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Old 05-04-2009, 03:10 AM   #1
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sump issues

Hi guys, I just filled the tank for the first time and I am having a problem with the sump. The tank is 130g with single overflow in the center. I have a duroso standpipe that extends 6 inches below the water level. I have two pumps a supreme Mag Drive 950g/hr and a 1800g/hr. When I ran the 1800g/hr it ran the sump dry. When it was turned off the sump overflowed from the back siphon. ANy suggestions. Should I used the smaller pump.
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Old 05-04-2009, 03:29 AM   #2
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Do you have a siphon break in your outlet? It's a small hole at the water line in the output. It lets air into the line to stop backflow.
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Old 05-04-2009, 09:01 AM   #3
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You may need another overflow. Thats a lot of water for a single. What's your overflow rated for? You also want to make sure you have extra room in your sump for the back flow. I run mine at the surface with a wave maker on it for surface aggitation. It's best to run your tube high or drill a small hole in it just below the surface to keep it from sucking to much water back in.
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Old 05-04-2009, 09:42 AM   #4
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Your return pump has to match your overflow drain rate (minus head loss). if your overflow/drain is 1" then you have approx 600 gph of drainage. You'll need a pump that (accounting for head loss) delivers that same amount back to the display. It's all math. Water out has to equal water in. If water out is greater = sump flood, if water in is greater = dry sump and probable display overflow.

Your sump calculations should have taken into account siphon break drainage into the sump so that it doesn't overflow. Search the forum, lots of links
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Old 05-06-2009, 11:57 PM   #5
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Return siphon. As others had said, you can drill a small hole. The other solution is using a check valve pvc attachment. This will stop water from slowing back down. If you use the check valve, install it down towards the pump. This will only allow minimal water back into the sump if the power goes out.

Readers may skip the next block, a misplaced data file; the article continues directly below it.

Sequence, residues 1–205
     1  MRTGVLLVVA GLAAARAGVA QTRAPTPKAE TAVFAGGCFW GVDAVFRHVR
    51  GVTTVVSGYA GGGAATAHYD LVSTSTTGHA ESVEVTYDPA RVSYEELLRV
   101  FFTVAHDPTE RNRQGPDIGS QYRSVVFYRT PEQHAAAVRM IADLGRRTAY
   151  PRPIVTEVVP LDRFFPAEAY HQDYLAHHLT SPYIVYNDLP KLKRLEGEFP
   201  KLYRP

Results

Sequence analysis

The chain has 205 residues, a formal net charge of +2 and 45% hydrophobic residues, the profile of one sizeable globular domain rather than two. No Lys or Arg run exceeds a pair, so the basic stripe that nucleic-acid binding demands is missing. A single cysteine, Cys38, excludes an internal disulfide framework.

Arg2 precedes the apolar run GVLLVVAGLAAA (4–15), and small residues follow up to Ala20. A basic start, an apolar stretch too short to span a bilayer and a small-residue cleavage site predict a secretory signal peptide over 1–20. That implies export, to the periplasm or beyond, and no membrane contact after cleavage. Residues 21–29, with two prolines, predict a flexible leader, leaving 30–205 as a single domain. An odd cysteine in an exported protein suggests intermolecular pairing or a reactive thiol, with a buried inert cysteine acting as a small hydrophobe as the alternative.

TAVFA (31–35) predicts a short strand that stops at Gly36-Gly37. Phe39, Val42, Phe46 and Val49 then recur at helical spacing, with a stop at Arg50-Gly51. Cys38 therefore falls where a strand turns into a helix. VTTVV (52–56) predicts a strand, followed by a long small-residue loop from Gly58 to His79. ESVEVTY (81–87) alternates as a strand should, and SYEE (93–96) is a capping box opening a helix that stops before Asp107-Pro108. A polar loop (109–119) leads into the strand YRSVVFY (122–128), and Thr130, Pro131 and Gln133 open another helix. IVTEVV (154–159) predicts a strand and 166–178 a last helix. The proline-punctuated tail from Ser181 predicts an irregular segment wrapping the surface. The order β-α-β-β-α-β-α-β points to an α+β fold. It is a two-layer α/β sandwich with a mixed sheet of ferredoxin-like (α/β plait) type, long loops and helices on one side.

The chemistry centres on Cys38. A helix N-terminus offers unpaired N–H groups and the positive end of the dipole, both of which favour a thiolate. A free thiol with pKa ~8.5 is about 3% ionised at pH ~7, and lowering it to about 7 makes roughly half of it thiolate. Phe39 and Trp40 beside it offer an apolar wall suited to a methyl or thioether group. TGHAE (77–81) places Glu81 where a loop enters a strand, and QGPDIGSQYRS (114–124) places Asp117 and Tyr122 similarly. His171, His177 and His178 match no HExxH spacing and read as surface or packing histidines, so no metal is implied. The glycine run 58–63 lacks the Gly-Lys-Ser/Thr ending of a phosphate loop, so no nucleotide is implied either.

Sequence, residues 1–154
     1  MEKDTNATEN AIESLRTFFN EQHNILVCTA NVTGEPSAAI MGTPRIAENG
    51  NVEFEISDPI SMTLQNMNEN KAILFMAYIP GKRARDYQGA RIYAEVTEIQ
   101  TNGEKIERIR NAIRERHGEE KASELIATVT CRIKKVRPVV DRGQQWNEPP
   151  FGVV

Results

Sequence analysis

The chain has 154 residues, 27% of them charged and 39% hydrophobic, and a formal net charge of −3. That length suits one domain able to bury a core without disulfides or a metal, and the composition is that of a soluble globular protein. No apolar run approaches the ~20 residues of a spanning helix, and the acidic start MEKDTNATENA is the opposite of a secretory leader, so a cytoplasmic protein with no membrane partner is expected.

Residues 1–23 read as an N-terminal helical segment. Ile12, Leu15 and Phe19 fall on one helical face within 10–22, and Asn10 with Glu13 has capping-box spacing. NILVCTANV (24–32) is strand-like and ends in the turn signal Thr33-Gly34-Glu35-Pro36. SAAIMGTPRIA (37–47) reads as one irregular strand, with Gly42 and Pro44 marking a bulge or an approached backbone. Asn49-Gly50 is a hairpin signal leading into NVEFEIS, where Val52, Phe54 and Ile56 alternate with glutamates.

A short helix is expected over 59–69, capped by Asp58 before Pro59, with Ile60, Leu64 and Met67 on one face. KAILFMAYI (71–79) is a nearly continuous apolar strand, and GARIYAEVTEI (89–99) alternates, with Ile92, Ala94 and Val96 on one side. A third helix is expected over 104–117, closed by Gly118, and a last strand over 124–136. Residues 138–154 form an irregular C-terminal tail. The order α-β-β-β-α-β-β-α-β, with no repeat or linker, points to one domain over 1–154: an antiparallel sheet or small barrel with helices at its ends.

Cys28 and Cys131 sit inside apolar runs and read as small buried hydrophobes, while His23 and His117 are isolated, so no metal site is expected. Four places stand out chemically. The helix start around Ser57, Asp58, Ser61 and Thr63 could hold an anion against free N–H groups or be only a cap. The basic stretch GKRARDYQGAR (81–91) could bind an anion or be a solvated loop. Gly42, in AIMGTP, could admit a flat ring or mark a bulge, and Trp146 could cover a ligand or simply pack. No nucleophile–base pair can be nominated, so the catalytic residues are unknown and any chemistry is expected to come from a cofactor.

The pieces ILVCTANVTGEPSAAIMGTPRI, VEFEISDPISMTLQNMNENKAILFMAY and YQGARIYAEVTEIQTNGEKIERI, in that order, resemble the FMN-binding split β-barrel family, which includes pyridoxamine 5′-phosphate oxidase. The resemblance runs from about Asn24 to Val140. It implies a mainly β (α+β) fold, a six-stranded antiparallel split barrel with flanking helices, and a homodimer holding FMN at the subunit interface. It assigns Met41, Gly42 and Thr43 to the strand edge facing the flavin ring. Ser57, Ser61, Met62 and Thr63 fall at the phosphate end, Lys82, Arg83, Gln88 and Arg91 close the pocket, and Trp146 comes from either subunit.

Second, your pump is to powerful for your overflow. You have to options. Install another overflow, or install a ball valve on the return line above the pump. This ball valve will restrict flow, slowing down the GPH. Therefor allowing you to equal out your flow.

This should solve both issues.
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Old 05-07-2009, 01:34 AM   #6
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Thanks for all the replys. I like the idea of a switch valve, but don't they run the risk of failing? I would like to drill a hole in the outflow, but the outflow is 1inch below the water level. By the time air reaches the hole I would have to have lost close to 10G in the sump. Can anyone show me on a diagram where to drill the hole? (center overflow with a split return).
Lastly does anyone have suggestions/diagram how they would use PVC pipe to attach a UV filter( turbotwist),
Thanks
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Old 05-07-2009, 01:40 AM   #7
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I do believe one inch above the water line.

The check valves have a possibility of failing only if something gets into it. By the time water reaches the check valve it should of have some sort of filtration. This would stop most fails I believe.

Second, install a T onto the main return line. Use a ball valve on the pvc pipe to the uv sterilizer to slow down flow. You only want around 200-300 gph through a uv sterilizer. then the output of the UV sterilizer would be back into the main line. So you would need 2 T's, and a ball valve minimum.
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